Chief rabbis to visit Archbishop of Canterbury

Historic meeting considered an 'important symbol' that church's ear is open to Jewish, Israeli voices.

By JOHNNY PAUL
September 2, 2006 23:14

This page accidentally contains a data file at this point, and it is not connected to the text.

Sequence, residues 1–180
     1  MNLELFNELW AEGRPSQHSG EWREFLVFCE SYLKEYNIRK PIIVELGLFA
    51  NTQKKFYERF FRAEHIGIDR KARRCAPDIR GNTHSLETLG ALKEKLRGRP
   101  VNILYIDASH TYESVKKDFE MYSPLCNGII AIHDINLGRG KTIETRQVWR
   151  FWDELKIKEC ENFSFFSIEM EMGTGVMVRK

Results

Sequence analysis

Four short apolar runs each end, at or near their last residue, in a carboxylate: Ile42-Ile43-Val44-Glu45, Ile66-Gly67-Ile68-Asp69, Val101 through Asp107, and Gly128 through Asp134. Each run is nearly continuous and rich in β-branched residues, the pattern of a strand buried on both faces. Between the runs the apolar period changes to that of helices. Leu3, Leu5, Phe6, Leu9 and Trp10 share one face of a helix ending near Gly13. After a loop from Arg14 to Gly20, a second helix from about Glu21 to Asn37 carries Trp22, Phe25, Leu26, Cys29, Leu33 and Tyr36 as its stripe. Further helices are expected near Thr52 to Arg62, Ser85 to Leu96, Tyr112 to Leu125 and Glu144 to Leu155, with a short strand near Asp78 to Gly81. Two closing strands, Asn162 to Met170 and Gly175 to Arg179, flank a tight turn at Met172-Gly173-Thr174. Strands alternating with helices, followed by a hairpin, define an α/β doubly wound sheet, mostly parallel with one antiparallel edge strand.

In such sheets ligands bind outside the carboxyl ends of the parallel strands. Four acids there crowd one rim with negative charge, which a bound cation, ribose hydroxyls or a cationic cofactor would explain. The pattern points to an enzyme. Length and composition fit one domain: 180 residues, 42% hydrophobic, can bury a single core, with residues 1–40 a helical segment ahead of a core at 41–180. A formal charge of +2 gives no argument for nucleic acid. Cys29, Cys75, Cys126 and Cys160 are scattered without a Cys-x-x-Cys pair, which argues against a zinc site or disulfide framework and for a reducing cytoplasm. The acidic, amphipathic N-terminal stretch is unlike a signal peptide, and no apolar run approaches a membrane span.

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Israel's Chief Rabbis Shlomo Amar and Yonah Metzger will travel to London this week for a special meeting with Archbishop of Canterbury Rowan Williams at Lambeth Palace, the archbishop's official residence. On Tuesday the rabbis will meet Williams where a joint declaration to establish a new joint dialogue process is expected to be signed. It is hoped the new process will improve relations between the archbishop and other religious leaders, in particular in the Middle East where the initiative has been welcomed by the bishops of the Anglican churches. It is also hoped it will lead to better understanding and a strengthening of interfaith relationships in the Middle East and beyond. The declaration follows ongoing discussions over the years between the office of the Archbishop of Canterbury and the office of the Chief Rabbinate of Israel about strengthening relations and creating a framework for a continuing process of dialogue. It will be signed in the presence of leaders of the Jewish and Christian communities and the main Christian-Jewish dialogue organizations in the UK. Williams, the spiritual leader of the world's 77 million Anglicans, said that he was encouraged by the development. "I am delighted that we are now able to establish this important dialogue which enables religious leaders to discuss matters of concern. The more we are able to develop ways of listening to one's concerns and interest, the better our understanding will be of one another's hopes and fears," he said. It is hoped that the talks will also smooth over the relationship with the Church of England following their decision in February to disinvest in companies, such as Caterpillar Inc, whose products are used by the Israeli government. The vote in favor of divestment followed calls from the Episcopal Church in Jerusalem for "morally responsible investment in the Palestinian occupied territories" and to disinvest in companies, such as Caterpillar Inc. "that profit from the illegal occupation until they change their policies." Williams strongly supported the vote which led the former archbishop, George Carey, to say that he was "ashamed to be an Anglican" after the motion passed. The decision was subsequently overturned in March by the Church's Ethical Investment Advisory Group who voted unanimously against the decision saying it "could find no compelling evidence that Caterpillar is or has been complicit in human rights abuses." Britain's Chief Rabbi Jonathan Sacks has welcomed the meeting. Speaking to The Jerusalem Post, he talked about the press's portrayal of the issues relating to the conflict, saying it "doesn't always present a balanced picture or provide the full context" and the implications it has on the church's decisions. "Anyone exposed to that media can be forgiven for taking a less generous view of Israel. But there is an issue there and it exists within the Church, so the meeting is important," he said. "The most important thing to achieve is genuine conversation in which the voice of Israel can be heard and heard in a way appropriate to a religious leader, mainly through other religious leaders - the chief rabbis of Israel. "I think the Church of England and the Archbishop of Canterbury personally have welcomed this initiative and we see it as an important one. The Anglican Communion is an important body and the Archbishop of Canterbury is an important person," Sacks said. Asked if he thought, following the archbishop's support for divestment, Williams was hostile towards Israel, Sacks said: "I've always personally found him to be a very good listener and he is what he calls a critical friend of Israel which means he strives for balance in his views. "He's a very serious and thoughtful individual with whom I have a strong and personal friendship and I've always found him to be very open and I have signalled publicly and privately that for the Anglican Church to be a force for peace, it must hear both sides. There is no other way. "Therefore I think this is the beginning of something and an important symbol that the ear of the church is open to the Jewish, and indeed, the Israeli voice." The Council of Christians and Jews (CCJ) also welcomed the meeting. A spokesman for the interfaith organization said: "We commend the Church of England and His Grace the Archbishop of Canterbury for their initiative and foresight in bringing this meeting to fruition. "CCJ acknowledges the determination of the Archbishop and Lambeth Palace to further positive Jewish-Christian relations, bringing about a process for the ongoing improvement in understanding and dialogue. "For 65 years, CCJ has been privileged to work with both traditions and can testify to the enrichment of all as a result. "The meeting is a historic milestone that acknowledges the contribution of the Jewish faith to the economic, cultural and educational life of the UK as well as to Christianity's understanding of its Jewish roots. The meeting will affirm the centrality of future dialogue in a world of conflict and political tension." The Anglican Friends of Israel, a London-based support organization, also welcomed the initiative but was more cautious. Simon McIlwaine, the director of AFI, said: "We would like both Reverend gentlemen to be assured of the continuing support of the patrons, clergy and laity of AFI for Israel and continued interfaith fellowship with our Jewish brothers and sisters, who like us, are children of the same heavenly Father. "AFI encourage the chief rabbis not to be shy about confronting Dr. Williams over the noisy anti-Semitic elements in the Church of England and also to be blunt about the damage and hurt that the Synod vote in February and continuing calls from the pulpit to isolate or pick on Israel. We hope they will appreciate that anti-Israeli sentiments are not representative of the beliefs of the rank and file in our pews! "We join with the chief rabbis in reminding the Church of the centrality of Israel, not only to the Jewish faith, but to the Christian faith too. "We also hope that this visit will remind the Church of the dangers of being swept up in an Islamic agenda to bring the entire Holy Land under Muslim control and may this visit strengthen the bond of interfaith fellowship and celebration of the common Biblical, theological and moral heritage we share with the Jewish people," he added. Dr. Irene Lancaster, an expert in Christian-Jewish relations and a recent new immigrant to Israel, said: "I do hope that the leadership of the Church of England will learn to accept the place of Israel (the land and the modern State) in the hearts and minds of the vast majority of Jews in the world. "Many Israelis are upset about the current demonization of Israel by elements of the Church of England, both in the UK and in Israel itself, one thinks especially of Bishop Riah of Jerusalem and Naim Ateek of Sabeel, as well as the vote in favor of divestment taken at the Synod debate in February. "This meeting of the chief rabbis of Israel with the Archbishop of Canterbury should provide an opportunity for the religious representatives of the Jewish State to convey to the leader of the Church of England that Israel would appreciate the positive input of Dr. Williams into forging a closer relationship between Israel and his Church." Reverend Stephen Sizer, an ardent pro-Palestinian campaigner and divestment supporter, told The Jerusalem Post: "On one level I'm pleased it's happening; any meeting between faith leaders is good. "On the other hand, I am mindful. I hope that the Jewish leaders will not be going to fulfill another agenda and hope it won't be to put pressure on Rowan Williams to modify the stance he took on Caterpillar and divestment and by saying it is ruining Jewish-Christian relations."